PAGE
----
A few days later, Mom came downstairs at dinner time quite upset. Grace had texted her that the rent check had not showed up as promised, and what was she to do? I hadn’t been privy to the new arrangement, but I immediately texted Grace that I would take care of it the next day, which was a Friday, my day off. I got up and went to Mom’s room to write a check to Grace; I found Mom sitting at her desk crying.
“What’s the matter, Mom?” I asked her.
“I don’t know what I’m supposed to do,” she said.
“About what?” I asked.
“About anything,” she replied. I have not often seen my mother cry, even when her father died, even when my father died.
I sat with that for a moment or two, and the penny dropped. I remembered someone saying to me, “when your mother dies, that’s when the rubber meets the road,” and I thought, “THIS is when the rubber meets the road.”
“Do you need help?” I asked.
“I need help,” she said.
So I helped.
And then, a week later, we were there, at the doctor’s office, checking in for our appointment with the gerontologist, who would, an hour and half later, after administering many tests and taking a full history, say to me the thing I knew she was going to say, that is, that my mother had dementia. She called it Alzheimer’s, though we would later receive a more accurate diagnosis – vascular dementia (the name was different, but the diagnosis largely interchangeable, as the two diseases are so similar). We went to have a few more tests, and then I took my mother to lunch.
Later that afternoon, Mom down for a nap, I texted Susan and Jim to tell them Mom had been diagnosed with Alzheimer’s. Susan called me immediately. We hadn’t talked for a long time; she was still angry with me about a fight we’d had over a year before, and even though we had made nice at Cait’s wedding that August, she was still pissed at me, and I was still pissed at her, but the minute she got my text, she called, and I cried, and I kept repeating, “I hope she doesn’t forget who I am.” My father never had. Susan was about as comforting as she could be, promised to help as much as she could, and told me I was going to have to ask for help even though she knew I never did that. I promised I would, and that was that.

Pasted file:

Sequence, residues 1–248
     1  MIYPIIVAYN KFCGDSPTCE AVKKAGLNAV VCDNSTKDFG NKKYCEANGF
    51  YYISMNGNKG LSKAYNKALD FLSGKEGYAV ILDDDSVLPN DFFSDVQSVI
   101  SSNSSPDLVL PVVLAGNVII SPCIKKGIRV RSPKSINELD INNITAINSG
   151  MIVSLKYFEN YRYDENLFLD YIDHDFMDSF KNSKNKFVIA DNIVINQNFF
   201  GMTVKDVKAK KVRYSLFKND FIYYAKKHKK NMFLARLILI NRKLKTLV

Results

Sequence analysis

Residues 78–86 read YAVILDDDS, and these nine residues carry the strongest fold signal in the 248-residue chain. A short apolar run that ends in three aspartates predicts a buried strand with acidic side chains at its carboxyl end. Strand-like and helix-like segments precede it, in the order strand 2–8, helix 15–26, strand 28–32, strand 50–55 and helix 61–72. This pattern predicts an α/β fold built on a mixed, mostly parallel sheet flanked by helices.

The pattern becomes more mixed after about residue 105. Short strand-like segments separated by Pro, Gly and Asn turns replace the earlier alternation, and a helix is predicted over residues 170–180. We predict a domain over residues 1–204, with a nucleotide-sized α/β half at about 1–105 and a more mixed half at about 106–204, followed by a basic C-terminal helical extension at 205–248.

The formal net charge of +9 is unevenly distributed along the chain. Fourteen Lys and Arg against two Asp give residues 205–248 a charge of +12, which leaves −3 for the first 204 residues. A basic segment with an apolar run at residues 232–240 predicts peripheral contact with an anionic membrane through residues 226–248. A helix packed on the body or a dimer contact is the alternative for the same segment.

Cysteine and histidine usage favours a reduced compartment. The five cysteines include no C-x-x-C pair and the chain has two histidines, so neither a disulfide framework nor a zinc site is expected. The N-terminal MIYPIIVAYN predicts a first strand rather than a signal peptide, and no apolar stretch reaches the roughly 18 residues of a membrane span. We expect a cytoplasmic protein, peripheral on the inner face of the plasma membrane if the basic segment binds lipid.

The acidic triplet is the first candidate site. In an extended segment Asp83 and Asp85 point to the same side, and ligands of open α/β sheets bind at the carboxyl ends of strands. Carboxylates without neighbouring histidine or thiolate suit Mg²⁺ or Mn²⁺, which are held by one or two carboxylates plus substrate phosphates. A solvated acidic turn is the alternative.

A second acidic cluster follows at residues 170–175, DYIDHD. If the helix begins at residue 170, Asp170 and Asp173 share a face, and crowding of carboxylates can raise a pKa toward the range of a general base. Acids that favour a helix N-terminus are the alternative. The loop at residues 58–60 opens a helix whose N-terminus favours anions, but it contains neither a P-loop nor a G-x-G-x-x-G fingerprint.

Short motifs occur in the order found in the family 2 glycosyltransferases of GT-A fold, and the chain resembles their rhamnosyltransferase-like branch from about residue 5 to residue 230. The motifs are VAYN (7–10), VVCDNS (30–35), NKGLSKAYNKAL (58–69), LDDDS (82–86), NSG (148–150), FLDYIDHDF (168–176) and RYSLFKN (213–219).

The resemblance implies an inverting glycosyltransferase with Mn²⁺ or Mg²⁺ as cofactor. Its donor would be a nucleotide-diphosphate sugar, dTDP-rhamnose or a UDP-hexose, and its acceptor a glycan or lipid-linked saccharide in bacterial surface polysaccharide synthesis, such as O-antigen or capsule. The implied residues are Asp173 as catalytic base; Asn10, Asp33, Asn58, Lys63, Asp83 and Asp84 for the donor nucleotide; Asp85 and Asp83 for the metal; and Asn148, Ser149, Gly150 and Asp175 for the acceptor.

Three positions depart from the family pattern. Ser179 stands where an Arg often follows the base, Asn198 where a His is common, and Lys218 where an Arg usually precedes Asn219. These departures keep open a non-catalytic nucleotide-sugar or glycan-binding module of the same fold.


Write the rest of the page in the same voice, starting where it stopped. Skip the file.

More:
I didn’t hear right away from my brother, who is not a texter, but when I did, he was sweet and sympathetic, and said all the right things. What struck me later, when I thought about it – and I’m not sure how to feel about this, even now – was that, for the first time in their lives, the reaction of both of my siblings was to be concerned about ME. Neither of them seemed to be all that sad about Mom, or how this was going to impact them, or her, and perhaps this was because they assumed I was going to be caring for her for the rest of her life, which meant that this really wasn’t going to have any real effect on them. But their concern for ME – that was surprising. Still is.
In the time it took for a doctor to put a name on my mother’s diagnosis, she changed forever.
She went from being someone who sometimes forgot things to someone who suddenly had no short term memory, who remembered nothing, who could not be left alone – for any period of time. She suddenly became restless, sitting down to do something, then stopping abruptly after a few moments, then moving to another activity, then doing something else.
She no longer wanted to eat. If food was put in front of her, she picked at it, yet she began to hoard food in her room. She would come to me to ask a question, leave, then come back, and ask the same question. This could go on for hours.
She did not understand why she could not drive any more. She would ask over and over again why she was not allowed to drive. She did not understand. It was unfair. How would she get anywhere? Who would do the shopping? How would Allie get to the barn?
Two weeks after her diagnosis, the world shut down.